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I need to remove excessive headers (primarily to pass penetration testing). I have spent time looking at solutions that involve running UrlScan, but these are cumbersome as UrlScan needs to be installed each time an Azure instance is started.

There must be a good solution for Azure that does not involve deploying installers from startup.cmd.

I understand that the response headers are added in different places:

  • Server: added by IIS.
  • X-AspNet-Version: added by System.Web.dll at the time of Flush in HttpResponse class
  • X-AspNetMvc-Version: Added by MvcHandler in System.Web.dll.
  • X-Powered-By: added by IIS

Is there any way to configure (via web.config etc.?) IIS7 to remove/hide/disable the HTTP response headers to avoid the "Excessive Headers" warning at asafaweb.com, without creating an IIS module or deploying installers which need to be run each time an Azure instance starts?

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3 Answers 3

up vote 61 down vote accepted

The following changes allow you to remove these HTTP response headers in Azure without writing a custom HttpModule.

Most of the information on the net is out of date, and involves UrlScan (which has since been integrated into IIS7, but with the RemoveServerHeader=1 option removed). Below is the neatest solution I've found (thanks to this blog, this answer, and this blog combined).

To remove Server, go to Global.asax, find/create the Application_PreSendRequestHeaders event and add the following (thanks to BK and this blog this will also not fail on Cassini / local dev):

Edited April 2014: You can use the PreSendRequestHeaders and PreSendRequestContext events with native IIS modules, but do not use them with managed modules that implement IHttpModule. Setting these properties can cause issues with asynchronous requests. The correct version is to use BeginRequest event.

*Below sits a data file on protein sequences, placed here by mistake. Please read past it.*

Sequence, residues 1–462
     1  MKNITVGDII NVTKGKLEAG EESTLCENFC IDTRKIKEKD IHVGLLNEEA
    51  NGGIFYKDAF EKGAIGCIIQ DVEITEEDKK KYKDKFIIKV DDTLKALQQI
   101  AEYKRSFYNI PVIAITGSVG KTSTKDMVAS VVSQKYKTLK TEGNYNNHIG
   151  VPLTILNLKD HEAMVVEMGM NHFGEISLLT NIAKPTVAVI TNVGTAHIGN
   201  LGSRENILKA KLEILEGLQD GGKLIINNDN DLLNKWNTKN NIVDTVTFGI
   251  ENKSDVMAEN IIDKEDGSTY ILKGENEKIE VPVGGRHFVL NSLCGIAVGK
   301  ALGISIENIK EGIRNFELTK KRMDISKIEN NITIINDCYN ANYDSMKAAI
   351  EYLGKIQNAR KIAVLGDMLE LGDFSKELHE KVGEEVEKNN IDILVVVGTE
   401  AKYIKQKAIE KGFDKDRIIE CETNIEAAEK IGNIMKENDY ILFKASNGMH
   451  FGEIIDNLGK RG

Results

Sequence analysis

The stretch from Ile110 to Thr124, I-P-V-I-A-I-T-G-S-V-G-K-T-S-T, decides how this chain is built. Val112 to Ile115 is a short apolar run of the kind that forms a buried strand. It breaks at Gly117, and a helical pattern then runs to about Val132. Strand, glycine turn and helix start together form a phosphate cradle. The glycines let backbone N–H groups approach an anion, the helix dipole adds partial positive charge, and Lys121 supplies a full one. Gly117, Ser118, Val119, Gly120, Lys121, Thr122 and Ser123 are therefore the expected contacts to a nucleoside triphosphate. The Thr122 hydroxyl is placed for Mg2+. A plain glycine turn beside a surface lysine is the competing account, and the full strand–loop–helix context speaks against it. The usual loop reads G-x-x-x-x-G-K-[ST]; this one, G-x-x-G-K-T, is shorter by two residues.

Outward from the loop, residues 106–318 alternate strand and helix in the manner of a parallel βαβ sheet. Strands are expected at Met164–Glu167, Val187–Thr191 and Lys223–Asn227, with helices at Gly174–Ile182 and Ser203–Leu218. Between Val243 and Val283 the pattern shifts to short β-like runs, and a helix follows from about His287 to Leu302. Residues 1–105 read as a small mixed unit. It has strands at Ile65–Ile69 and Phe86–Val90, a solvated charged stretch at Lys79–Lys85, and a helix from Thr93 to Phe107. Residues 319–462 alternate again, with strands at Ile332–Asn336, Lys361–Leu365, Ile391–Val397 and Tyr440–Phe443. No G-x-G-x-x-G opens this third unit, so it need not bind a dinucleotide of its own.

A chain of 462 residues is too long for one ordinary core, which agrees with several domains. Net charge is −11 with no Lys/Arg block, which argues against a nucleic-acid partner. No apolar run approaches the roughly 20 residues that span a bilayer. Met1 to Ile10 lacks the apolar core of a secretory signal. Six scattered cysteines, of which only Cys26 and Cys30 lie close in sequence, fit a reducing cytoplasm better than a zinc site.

protected void Application_BeginRequest(object sender, EventArgs e)
    {
        var application = sender as HttpApplication;
        if (application != null && application.Context != null)
        {
            application.Context.Response.Headers.Remove("Server");
        }
    }

To remove X-AspNet-Version, in the web.config find/create <system.web> and add:

  <system.web>
    <httpRuntime enableVersionHeader="false" />

    ...

To remove X-AspNetMvc-Version, go to Global.asax, find/create the Application_Start event and add a line as follows:

  protected void Application_Start()
  {
      MvcHandler.DisableMvcResponseHeader = true;
  }

To remove X-Powered-By, in the web.config find/create <system.webServer> and add:

  <system.webServer>
    <httpProtocol>
      <customHeaders>
        <remove name="X-Powered-By" />
      </customHeaders>
    </httpProtocol>

    ...
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1  
awesome answer - thanks –  dunnry Oct 9 '12 at 17:14
    
According to hinting in VS, no need to null check Request, Response, or Response.Headers –  Hainesy May 22 '13 at 9:53
    
When used on IIS not Azure be aware that application pool has to be in Integrated mode. And .IsLocal should be removed when debugging locally. –  IvanH Aug 16 '13 at 13:49
4  
There's no need for "Yoda conditions" in C# - it doesn't allow assignment in a conditional, en.wikipedia.org/wiki/Yoda_Conditions –  tvanfosson Aug 21 '13 at 22:20
    
Any known issues with this and HttpCacheModule. Can we use PostReleaseRequestState for this in global.asax? –  felickz Nov 4 '13 at 3:55

MSDN published this article on how to hide headers on Azure Websites. You can now hide the server from web.config by adding an entry to system.webServer

<security>
      <requestFiltering removeServerHeader ="true" />
</security>

VS will frown at the above as invalid though. The above link has code as pics, hard to find. MVC version is still hidden in application start as above, same for x-powered-by and .Net version.

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There's also a package on NuGet that helps you achieve this through a few lines of config and no changes to code: NWebsec. The docs on removing version headers can be found here: http://nwebsec.codeplex.com/wikipage?title=Suppressing%20version%20headers

It's demoed here: http://www.nwebsec.com/HttpHeaders/VersionHeaders (in Azure)

Disclaimer: I'm the developer on the project.

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